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Winsock 2 Pausing on Recv()

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Hi all, I currently have a working client/server system, where multiple clients can connect to the server. The server basically loops through a vector containing all the client sockets and on each one does a recv(). However the recv() seems to wait to actually get data before it continues running through the code. // Clear message theMessage = ""; // Receive data from the socket while(recv(p->theSocket, &ch, 1, 0)) { if (ch == '\n') { break; } theMessage += ch; } So if one client hasn't sent a message, recv() on the server will wait until it does get a message before continuing. Does anyone have a good workaround for this issue?

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Guest Anonymous Poster
get into nonblocking mode or use WSARecv

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Thanks for the post.

I'm having trouble figuring out how to use WSARecv. Currently my receive code is as follows:

// Receive data from the socket
while(recv(p->theSocket, &ch, 1, 0))
{
if (ch == '\n')
{
break;
}
theMessage += ch;
}

How do I translate this to use WSARecv?

Thanks for any help!

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Guest Anonymous Poster
Alternatively you can use select(), which is cross-platform and IMO a bit easier to get working properly than full asynchronous sockets.

James

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Setting it to non-blocking seems to be causing strange behaviour.

On my server I have:


DWORD cThread::ThreadProc()
{

// Status message
pMutex->MutexOn();
cout<<"Listen thread active..."<<endl<<endl<<"STARTING"<<endl;
pMutex->MutexOff();

// Loop forever listening for clients
while(1) {

// Wait for a client
SOCKET theClient;
theClient = accept(listenSocket, NULL, NULL);

// Turn on mutext to protect
pMutex->MutexOn();

u_long Arg = 1;
ioctlsocket(theClient,FIONBIO,&Arg);

// Create new record of connection
playerCon p;
p.theSocket = theClient;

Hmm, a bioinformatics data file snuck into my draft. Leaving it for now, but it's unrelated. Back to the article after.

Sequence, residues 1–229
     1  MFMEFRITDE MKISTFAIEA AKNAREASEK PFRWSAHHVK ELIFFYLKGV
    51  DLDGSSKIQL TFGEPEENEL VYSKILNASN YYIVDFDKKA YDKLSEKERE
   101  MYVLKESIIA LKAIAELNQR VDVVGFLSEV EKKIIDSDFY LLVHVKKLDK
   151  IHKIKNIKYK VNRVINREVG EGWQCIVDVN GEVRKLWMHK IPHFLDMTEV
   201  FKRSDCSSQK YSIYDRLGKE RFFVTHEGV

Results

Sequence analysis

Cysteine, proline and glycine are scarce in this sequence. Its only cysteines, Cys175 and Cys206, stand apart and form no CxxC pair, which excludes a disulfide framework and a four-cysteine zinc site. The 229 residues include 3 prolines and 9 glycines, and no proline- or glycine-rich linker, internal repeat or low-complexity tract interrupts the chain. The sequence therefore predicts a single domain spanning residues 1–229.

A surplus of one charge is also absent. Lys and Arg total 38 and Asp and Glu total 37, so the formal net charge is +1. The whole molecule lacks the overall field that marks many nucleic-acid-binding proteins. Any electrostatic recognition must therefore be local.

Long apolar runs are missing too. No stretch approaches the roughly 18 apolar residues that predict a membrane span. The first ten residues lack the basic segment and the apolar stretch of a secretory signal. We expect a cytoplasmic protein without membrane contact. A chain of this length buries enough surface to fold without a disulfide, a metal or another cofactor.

p.lastPing = time(NULL);
p.sessionStart = time(NULL);
p.lastPingOK = true;

// Add player to vertex
pPlayers->push_back(p);

// Status report and turn off mutex
cout<<"Accepted client #"<<pPlayers->size()<<endl;
pMutex->MutexOff();
}

return 0;
}



And my client has:


// Create connection to server
SOCKET connectToServer()
{
WORD sockVersion;
WSADATA wsaData;

// Set version of winsock to use
sockVersion = MAKEWORD(2, 2);

// Initialize winsock
WSAStartup(sockVersion, &wsaData);

// Store information about the server
LPHOSTENT hostEntry;

/*
// USE THIS IF USING SERVER IP
in_addr iaHost;
iaHost.s_addr = inet_addr(SERVER_ADDRESS.c_str());
hostEntry = gethostbyaddr((const char *)&iaHost, sizeof(struct in_addr), AF_INET);
*/


// Get host my name (or domain name)
hostEntry = gethostbyname("localhost");

// Create the socket
SOCKET theSocket;
theSocket = socket(AF_INET, SOCK_STREAM, IPPROTO_TCP);


u_long Arg = 1;
ioctlsocket(theSocket,FIONBIO,&Arg);
//int value = 0;
//setsockopt(theSocket, SOL_SOCKET, SO_SNDBUF, (const char*)&value, sizeof(int));

// Fill a SOCKADDR_IN struct with address information
SOCKADDR_IN serverInfo;
serverInfo.sin_family = AF_INET;
serverInfo.sin_addr = *((LPIN_ADDR)*hostEntry->h_addr_list);

// Set port to use
serverInfo.sin_port = htons(SERVER_PORT);

// Connect to the server
connect(theSocket, (LPSOCKADDR)&serverInfo, sizeof(struct sockaddr));

// Return socket for closing later
return theSocket;
}



However it doesn't seem to work, it runs really really slowly.

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Quote:
Original post by Anonymous Poster
Alternatively you can use select(), which is cross-platform and IMO a bit easier to get working properly than full asynchronous sockets.

James


No, no, no! select() is hazardous for servers since it causes Windows based servers to only support 64 simoultaneous connections, which is something you don't want in most normal, up to date and otherwise well written servers.

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Quote:
Original post by Afr0m@n
Quote:
Original post by Anonymous Poster
Alternatively you can use select(), which is cross-platform and IMO a bit easier to get working properly than full asynchronous sockets.

James


No, no, no! select() is hazardous for servers since it causes Windows based servers to only support 64 simoultaneous connections, which is something you don't want in most normal, up to date and otherwise well written servers.


Can't you just redefine FD_SETSIZE to a higher number?

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Possibly, but there's a reason why select() on Windows has a default socket limitation of 64 sockets...

Anyhow, I think there's a solution to this problem discussed in this forum's FAQ.

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Usually nonblocking performs bad, because you have to poll, which requires some overhead.

On Unix you can use the poll api: http://www.hmug.org/man/2/poll.php. It is similar to select, but does not have the limitations. Though its a bit slower. The name is a bit irritating - it works just like select, and blocks until one of the sockets changes its state.

On windows you can use I/O completion ports: http://msdn.microsoft.com/msdnmag/issues/1000/Winsock/

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